Piracy crisis exposes need for Somalia solution

NAIROBI (Reuters) - Foreign navies are unlikely to be able to stop Somali pirate attacks like the audacious capture of a Saudi supertanker, making it even more important for the world to find a way to end 17 years of conflict on land.

Mocking a rush by NATO, the European Union, the United States and others to protect shipping lanes off Somalia, pirates simply sailed further to seize the boat with more than a quarter of Saudi Arabia’s daily oil exports 450 nautical miles off Kenya’s coast.

Using larger “mother ships” to increase their reach, the heavily-armed pirates usually pull up either side of a target in speedboats and board, firing guns or even rocket-propelled grenades just over the bridge if the captain tries to escape.

“This is definitely an escalation of what we’ve seen in the past,” said Roger Middleton, a Horn of Africa specialist at the Chatham House think-tank in London, of the Sirius Star seizure.

“There just isn’t the naval capacity to cover the area they now threaten. So a military solution is not the answer.”

Saudi Arabia’s foreign minister said the latest hijacking would trigger an international crackdown on piracy.

But navies face an array of obstacles: covering an area the size of the Red Sea and Mediterranean together, identifying pirates before they attack, protecting hostages on hijacked ships, and navigating international law to prosecute anyone caught.

Analysts say as long as there is no rule of law in Somalia, pirates will flourish -- ensuring different interest groups on land get a share of the spoils -- and attempts to prevent the pirates militarily will flounder.

In the latest twist to incessant civil war since 1991, Islamist insurgents have taken control of most of south Somalia and are within a few miles of Mogadishu, where the weak, Western-backed Transitional Federal Government (TFG) is based.

“International policy needs to have a pretty open mind as to what kind of government we might have in Somalia. Clearly the experiment of the TFG hasn’t delivered development and peace as hoped,” Middleton said.

The new patrols along the Gulf of Aden, which links Europe to Asia through the Suez Canal, seem, however, to have had some sort of impact as only 31 percent of attempted hijacks were successful in October, down from 53 percent in August.

Yet the capture of the tanker shows how sophisticated and confident the pirates have become as they hone their nautical skills, enjoy new satellite equipment, and get ever richer from tens of millions of dollars paid in ransoms this year.

The heightened risk means insurance premiums are rocketing. Some carriers are taking the long route around the southern tip of Africa, rather than the Suez Canal -- pushing up the cost of goods and commodities at a time of global economic uncertainty.

“To take such a huge tanker and pull it back to Somalia right under the noses of the task force, that’s pretty incredible,” said Mark Schroeder, director of risk analysis for sub-Saharan Africa at Stratfor.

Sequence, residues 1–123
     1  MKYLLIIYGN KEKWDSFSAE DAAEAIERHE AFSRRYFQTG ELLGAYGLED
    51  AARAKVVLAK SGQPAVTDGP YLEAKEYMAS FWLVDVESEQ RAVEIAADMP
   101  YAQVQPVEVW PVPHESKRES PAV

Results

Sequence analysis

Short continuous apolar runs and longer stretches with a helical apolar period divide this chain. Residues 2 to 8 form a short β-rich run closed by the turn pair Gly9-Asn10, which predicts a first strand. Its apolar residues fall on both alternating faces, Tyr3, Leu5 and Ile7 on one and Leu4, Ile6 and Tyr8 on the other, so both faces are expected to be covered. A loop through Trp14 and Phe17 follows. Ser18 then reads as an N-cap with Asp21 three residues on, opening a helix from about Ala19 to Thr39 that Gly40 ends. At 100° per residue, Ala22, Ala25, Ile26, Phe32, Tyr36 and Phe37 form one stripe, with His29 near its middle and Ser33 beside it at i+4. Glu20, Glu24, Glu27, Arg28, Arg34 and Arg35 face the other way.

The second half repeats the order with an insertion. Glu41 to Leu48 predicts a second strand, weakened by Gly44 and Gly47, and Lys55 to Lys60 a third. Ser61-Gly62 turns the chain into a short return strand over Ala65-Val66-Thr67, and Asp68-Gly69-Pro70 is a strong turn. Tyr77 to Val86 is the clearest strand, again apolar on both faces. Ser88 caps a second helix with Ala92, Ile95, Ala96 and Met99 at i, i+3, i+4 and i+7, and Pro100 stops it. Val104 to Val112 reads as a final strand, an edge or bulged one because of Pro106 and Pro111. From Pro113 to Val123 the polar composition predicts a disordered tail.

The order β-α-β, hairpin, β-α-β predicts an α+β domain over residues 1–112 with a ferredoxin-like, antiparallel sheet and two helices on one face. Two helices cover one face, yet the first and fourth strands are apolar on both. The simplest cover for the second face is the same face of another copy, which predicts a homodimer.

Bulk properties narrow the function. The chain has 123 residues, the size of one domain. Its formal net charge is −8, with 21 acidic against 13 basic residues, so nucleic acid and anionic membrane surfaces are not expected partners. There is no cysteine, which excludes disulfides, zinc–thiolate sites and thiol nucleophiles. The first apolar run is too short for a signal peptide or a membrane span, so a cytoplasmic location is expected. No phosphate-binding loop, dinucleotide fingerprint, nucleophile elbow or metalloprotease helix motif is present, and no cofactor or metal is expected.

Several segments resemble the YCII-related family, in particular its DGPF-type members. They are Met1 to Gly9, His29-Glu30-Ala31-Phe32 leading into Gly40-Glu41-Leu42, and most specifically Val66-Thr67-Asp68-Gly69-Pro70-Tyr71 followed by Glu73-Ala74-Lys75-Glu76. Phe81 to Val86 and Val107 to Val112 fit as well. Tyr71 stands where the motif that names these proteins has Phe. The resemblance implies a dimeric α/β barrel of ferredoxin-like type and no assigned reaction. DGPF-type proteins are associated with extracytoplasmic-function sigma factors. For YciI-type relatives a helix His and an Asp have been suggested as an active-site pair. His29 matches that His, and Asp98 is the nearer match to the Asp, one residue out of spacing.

“What this specific attack does is question security along the whole eastern and southern seaboard of Africa,” he said.

The world’s biggest ships carrying dry commodities -- coal, iron ore and grains -- and oil tankers generally go around Africa to South America and the U.S. Gulf.


Analysts say it is time to recognize that Somalia’s transition government is unable to govern effectively and cannot be expected to curb piracy, which is a profitable, relatively risk-free business for the many unemployed men in the country.

“Maritime security operations in that area are really only a sticking plaster, they are addressing the symptoms not the causes,” said Jason Alderwick, a maritime defense analyst at the International Institute for Strategic Studies.

“The TFG at the moment isn’t delivering on its state obligations to maintain the integrity of its own territorial waters. So they need a plan to facilitate that -- or come up with another option,” said Alderwick.

The United Nations is pushing a power-sharing agreement between the government and moderate Islamists. But some hark back to 2006 when the Islamists controlled south Somalia before being ousted by troops from neighboring Ethiopia.

Piracy leveled off during this period, and the Islamists vow to stamp it out again if in power.

Washington fears an Islamist-led government might turn Somalia into a haven for terrorists. But some analysts say that if the most militant wing -- al Shabaab -- can be marginalized, moderate Islamist rule may be the most realistic option.

“Given the alternatives, none of which are rosy, the Bush administration and its key ally Ethiopia, may now show more flexibility in accepting Islamist participation in the government -- provided it does not have links to international terrorists,” said Philippe de Pontet, analyst at Eurasia Group.

“For now, though, it is likely that Somalia and Somali piracy, will worsen before it gets better.”

Editing by Andrew Cawthorne and Matthew Tostevin